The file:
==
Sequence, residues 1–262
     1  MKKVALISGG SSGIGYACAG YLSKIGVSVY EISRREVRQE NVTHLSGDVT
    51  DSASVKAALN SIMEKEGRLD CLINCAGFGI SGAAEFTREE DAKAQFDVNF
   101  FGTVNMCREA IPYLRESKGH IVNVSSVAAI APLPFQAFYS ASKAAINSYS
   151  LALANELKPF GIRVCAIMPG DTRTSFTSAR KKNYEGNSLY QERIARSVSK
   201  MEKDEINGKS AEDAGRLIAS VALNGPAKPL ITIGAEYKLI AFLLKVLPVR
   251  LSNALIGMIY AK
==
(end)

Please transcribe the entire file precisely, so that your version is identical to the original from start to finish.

Sequence, residues 1–262
     1  MKKVALISGG SSGIGYACAG YLSKIGVSVY EISRREVRQE NVTHLSGDVT
    51  DSASVKAALN SIMEKEGRLD CLINCAGFGI SGAAEFTREE DAKAQFDVNF
   101  FGTVNMCREA IPYLRESKGH IVNVSSVAAI APLPFQAFYS ASKAAINSYS
   151  LALANELKPF GIRVCAIMPG DTRTSFTSAR KKNYEGNSLY QERIARSVSK
   201  MEKDEINGKS AEDAGRLIAS VALNGPAKPL ITIGAEYKLI AFLLKVLPVR
   251  LSNALIGMIY AK